Insurance is often viewed by many in today’s modern world as a necessary expense. It may be required by law or mandated as a condition of a private contractual agreement. For whatever reason people carry insurance, there are two certainties — no one likes to pay the premiums, but they expect insurance companies to step up to the plate and take care of the covered losses. For one group of California residents, however, some insurers are intent on denying coverage.

In 2017, there was a string of unprecedented California wildfires, including one that devastated several thousand acres in Santa Rosa. Among the victims of the so-called Wine Country wildfire were over 30 homeowners from one mobile home park. Today, one year after the fire, they are still awaiting a settlement from their insurance companies.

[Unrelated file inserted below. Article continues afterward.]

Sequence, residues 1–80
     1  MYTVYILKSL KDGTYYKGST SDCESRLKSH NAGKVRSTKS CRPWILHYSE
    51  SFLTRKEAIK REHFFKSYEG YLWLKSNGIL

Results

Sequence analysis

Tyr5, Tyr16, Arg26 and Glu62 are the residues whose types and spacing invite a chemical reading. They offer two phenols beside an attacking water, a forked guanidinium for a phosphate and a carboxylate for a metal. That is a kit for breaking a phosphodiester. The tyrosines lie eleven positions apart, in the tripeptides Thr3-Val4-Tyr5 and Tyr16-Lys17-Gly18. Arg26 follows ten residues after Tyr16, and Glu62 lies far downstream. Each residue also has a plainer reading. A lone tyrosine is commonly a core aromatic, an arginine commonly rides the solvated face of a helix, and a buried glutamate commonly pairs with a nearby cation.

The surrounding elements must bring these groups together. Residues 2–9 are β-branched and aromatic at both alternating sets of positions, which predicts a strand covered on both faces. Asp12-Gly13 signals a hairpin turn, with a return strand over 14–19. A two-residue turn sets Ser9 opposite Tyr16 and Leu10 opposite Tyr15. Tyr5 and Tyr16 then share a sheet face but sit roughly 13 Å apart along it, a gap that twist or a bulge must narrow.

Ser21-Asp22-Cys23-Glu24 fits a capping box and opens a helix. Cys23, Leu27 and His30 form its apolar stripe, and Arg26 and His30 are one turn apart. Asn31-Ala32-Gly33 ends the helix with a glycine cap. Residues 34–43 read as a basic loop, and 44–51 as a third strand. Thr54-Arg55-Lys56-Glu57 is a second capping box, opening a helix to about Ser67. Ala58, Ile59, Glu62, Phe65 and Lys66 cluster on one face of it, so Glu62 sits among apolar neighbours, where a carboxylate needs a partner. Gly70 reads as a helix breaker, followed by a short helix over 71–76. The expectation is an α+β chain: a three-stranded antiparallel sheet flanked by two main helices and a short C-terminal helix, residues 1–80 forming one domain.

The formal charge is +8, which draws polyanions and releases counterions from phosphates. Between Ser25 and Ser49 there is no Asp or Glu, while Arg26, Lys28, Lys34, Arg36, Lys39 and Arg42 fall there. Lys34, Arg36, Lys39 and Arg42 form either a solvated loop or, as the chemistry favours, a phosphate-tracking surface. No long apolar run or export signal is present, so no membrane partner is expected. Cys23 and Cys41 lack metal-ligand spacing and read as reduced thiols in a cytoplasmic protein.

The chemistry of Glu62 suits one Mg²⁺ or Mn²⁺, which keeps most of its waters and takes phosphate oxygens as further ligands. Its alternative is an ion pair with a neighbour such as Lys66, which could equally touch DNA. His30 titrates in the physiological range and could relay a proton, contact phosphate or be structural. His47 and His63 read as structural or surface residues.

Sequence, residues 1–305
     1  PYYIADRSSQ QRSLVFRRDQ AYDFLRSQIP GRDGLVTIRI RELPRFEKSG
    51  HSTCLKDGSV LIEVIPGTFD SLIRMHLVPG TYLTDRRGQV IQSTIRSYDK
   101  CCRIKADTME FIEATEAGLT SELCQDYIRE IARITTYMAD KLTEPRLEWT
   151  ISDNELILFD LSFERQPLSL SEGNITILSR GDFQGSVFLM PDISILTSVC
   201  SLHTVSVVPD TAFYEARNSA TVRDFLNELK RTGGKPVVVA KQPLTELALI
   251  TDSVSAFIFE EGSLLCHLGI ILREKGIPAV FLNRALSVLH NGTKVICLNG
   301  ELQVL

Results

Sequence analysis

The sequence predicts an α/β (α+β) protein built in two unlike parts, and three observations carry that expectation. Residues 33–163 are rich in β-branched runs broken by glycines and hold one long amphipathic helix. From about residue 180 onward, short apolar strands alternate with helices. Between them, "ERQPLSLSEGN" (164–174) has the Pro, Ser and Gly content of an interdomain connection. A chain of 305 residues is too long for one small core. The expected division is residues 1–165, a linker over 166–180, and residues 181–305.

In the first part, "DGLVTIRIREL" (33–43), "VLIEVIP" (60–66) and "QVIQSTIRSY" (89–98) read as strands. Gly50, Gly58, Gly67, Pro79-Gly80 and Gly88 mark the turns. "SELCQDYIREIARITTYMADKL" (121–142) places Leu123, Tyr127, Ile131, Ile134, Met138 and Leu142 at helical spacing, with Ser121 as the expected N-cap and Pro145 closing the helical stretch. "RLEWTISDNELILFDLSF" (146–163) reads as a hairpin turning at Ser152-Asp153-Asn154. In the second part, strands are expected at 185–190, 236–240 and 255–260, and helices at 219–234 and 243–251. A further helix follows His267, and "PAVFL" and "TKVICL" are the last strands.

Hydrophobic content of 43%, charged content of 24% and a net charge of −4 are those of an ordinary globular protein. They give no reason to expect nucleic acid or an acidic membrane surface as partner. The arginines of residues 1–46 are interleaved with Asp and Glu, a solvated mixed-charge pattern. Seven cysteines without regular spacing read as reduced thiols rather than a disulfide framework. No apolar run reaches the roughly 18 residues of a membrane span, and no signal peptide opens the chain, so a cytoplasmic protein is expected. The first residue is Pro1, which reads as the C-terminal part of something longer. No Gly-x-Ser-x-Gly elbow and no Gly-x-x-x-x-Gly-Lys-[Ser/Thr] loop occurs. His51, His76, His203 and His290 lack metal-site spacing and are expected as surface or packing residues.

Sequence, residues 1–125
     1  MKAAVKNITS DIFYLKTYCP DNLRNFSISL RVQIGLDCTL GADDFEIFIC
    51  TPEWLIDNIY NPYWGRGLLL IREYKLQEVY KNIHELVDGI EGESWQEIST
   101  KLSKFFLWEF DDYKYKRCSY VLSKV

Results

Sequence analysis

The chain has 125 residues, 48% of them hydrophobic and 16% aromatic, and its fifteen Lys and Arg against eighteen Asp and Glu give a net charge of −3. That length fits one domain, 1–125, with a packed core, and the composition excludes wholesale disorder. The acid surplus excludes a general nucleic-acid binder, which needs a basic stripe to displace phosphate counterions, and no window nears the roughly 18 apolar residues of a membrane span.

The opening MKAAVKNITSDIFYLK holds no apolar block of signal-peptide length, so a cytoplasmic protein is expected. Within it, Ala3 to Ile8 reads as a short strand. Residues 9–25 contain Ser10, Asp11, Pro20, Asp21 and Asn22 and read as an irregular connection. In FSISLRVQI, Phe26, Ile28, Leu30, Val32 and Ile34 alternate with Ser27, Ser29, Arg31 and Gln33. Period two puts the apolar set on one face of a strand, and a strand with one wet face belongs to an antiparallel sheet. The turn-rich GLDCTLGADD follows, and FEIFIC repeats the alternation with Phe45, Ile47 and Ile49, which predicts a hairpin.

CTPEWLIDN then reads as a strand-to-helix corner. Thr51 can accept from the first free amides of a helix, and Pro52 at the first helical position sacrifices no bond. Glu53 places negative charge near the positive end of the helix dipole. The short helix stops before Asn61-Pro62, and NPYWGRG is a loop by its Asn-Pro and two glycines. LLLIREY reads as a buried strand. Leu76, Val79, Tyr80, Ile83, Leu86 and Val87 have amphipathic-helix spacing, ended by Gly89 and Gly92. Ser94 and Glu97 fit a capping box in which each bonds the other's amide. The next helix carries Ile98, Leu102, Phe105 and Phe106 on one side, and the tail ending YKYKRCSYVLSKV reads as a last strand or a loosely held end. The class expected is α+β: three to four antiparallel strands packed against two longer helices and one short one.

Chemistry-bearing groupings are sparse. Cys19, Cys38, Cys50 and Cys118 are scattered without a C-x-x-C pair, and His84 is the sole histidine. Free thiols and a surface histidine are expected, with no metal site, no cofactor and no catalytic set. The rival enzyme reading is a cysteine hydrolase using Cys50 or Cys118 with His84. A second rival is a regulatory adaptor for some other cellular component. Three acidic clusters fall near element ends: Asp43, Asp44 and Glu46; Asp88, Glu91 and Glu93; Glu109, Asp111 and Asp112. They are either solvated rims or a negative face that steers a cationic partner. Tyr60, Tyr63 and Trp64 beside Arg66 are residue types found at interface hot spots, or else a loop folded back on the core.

Most of the homes in the park were completely destroyed. Some 30 other homes remain standing but are completely uninhabitable and irreparable. The insurance companies’ delays and denials seem to be based on the fact the homes are standing and the contention that “government action” in closing the park led to the homes’ damages. However, the government action that took place was closing the park after the fire had destroyed most of it.

Many of these homeowners are elderly and disabled, which makes the case particularly serious. In order to compel insurers to act in accordance with the terms of their contracts, it may be necessary for an insurance litigation lawyer to get involved. If necessary, legal counsel could file a lawsuit on behalf of a policyholder.